update deskU.S. News

House votes for $14.3 billion in Israeli aid, bypasses White House coupling Israel, Ukraine

Rep. Debbie Wasserman Schultz (D-Fla.), one of 12 Democrats to vote for the bill, called it “poison” and a “horrendous precedent.”

Rep. Kay Granger (R-Texas) speaks in favor of a bill, which would provide Israel with $14.3 billion in aid, on Nov. 2, 2023. Source: C-SPAN/Screenshot.
Rep. Kay Granger (R-Texas) speaks in favor of a bill, which would provide Israel with $14.3 billion in aid, on Nov. 2, 2023. Source: C-SPAN/Screenshot.

The U.S. House of Representatives passed H.R.6126, the Israel Security Supplemental Appropriations Act, 2024, on Thursday by a margin of 226-196. The bill, which goes to the U.S. Senate next, calls for $14.3 billion in military aid for Israel in the next fiscal year, decoupling Israeli and Ukrainian aid, for which the White House is calling.

“Now more than ever, we must stand firm with our great ally and do all we can to ensure Israel has what it needs to defend itself,” wrote Rep. Kay Granger (R-Texas), who introduced the bill.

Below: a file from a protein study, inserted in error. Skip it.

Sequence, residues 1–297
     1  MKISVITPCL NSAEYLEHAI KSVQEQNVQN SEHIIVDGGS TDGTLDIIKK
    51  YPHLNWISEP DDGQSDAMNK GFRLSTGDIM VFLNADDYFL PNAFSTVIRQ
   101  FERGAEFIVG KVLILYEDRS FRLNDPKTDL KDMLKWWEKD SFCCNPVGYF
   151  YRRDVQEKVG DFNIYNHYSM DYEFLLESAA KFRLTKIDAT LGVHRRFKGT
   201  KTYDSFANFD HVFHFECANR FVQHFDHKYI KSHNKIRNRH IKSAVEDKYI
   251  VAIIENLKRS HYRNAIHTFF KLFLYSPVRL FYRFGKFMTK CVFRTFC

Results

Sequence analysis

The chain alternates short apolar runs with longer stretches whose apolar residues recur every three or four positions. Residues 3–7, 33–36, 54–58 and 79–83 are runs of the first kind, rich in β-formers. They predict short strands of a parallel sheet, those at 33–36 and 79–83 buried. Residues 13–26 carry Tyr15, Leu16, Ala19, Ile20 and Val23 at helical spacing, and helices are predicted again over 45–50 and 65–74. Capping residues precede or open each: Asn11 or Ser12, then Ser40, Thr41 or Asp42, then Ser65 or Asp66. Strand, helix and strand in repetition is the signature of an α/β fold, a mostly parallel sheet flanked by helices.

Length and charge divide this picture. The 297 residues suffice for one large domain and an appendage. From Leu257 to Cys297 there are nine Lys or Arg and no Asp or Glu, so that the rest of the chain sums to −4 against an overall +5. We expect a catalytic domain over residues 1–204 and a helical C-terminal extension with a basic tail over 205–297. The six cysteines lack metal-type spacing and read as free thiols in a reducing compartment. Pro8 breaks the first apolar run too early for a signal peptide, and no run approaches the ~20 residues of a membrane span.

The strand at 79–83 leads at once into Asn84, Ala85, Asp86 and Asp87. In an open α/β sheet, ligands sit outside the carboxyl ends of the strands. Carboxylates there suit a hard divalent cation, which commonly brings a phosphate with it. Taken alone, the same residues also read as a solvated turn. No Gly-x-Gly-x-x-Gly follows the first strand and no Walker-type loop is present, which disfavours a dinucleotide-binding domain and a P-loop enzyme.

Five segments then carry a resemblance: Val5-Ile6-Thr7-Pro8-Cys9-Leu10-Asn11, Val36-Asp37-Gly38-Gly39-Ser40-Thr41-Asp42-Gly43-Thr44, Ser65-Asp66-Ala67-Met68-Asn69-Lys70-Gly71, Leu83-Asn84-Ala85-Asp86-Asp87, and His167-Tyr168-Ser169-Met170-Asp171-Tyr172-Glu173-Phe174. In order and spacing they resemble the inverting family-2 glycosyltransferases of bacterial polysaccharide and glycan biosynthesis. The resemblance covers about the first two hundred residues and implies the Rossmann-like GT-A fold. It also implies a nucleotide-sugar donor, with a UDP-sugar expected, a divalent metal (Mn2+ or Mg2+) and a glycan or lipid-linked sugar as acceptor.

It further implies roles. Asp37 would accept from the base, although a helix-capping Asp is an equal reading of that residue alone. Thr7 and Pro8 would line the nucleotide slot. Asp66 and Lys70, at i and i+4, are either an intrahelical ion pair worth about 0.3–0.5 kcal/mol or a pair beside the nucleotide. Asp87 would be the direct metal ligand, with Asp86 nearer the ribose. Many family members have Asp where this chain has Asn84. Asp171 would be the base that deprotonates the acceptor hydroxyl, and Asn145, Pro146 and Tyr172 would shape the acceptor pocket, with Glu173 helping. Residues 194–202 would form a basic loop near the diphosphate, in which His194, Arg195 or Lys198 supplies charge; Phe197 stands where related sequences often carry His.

Two Republicans, Reps. Marjorie Taylor Greene (Ga.) and Thomas Massie (Ky.), voted against, and 12 Democrats voted for the bill. The latter included Reps. Josh Gottheimer (N.J.), Jared Moskowitz (Fla.) and Debbie Wasserman Schultz (Fla.).

Wasserman Schultz wrote on social media that she urged colleagues to vote against the bill, which she said contains “poison” and sets a “horrendous” precedent. “For me, as a Jew, as a Zionist and as the representative of a large Jewish community, I personally needed to cast my vote to stand by Israel, the homeland of the Jewish people, in this moment of crisis,” she wrote.

“Tonight, a bipartisan group of members voted to send immediate aid to Israel, our greatest ally in the Middle East,” House Speaker Mike Johnson (R-La.) stated after the vote.

“This is necessary and critical assistance as Israel fights for its right to exist,” he added. “With antisemitism on the rise both domestically and abroad, it’s imperative that the U.S. sends a message to the world that threats made against Israel and the Jewish people will be met with strong opposition.”

Rep. Jerry Nadler (D-N.Y.) called the bill “dead on arrival” in the Senate and said Johnson “played craven partisan politics with our national security, Israel, Ukraine and the lives of innocent Israelis and Palestinians.” Senate Majority Leader Chuck Schumer (D-N.Y.) called the bill a “joke.”

“The president would veto an only-Israel bill,” John Kirby, coordinator for strategic communications at the National Security Council of the White House, told reporters on Thursday “I think that we’ve made that clear.”

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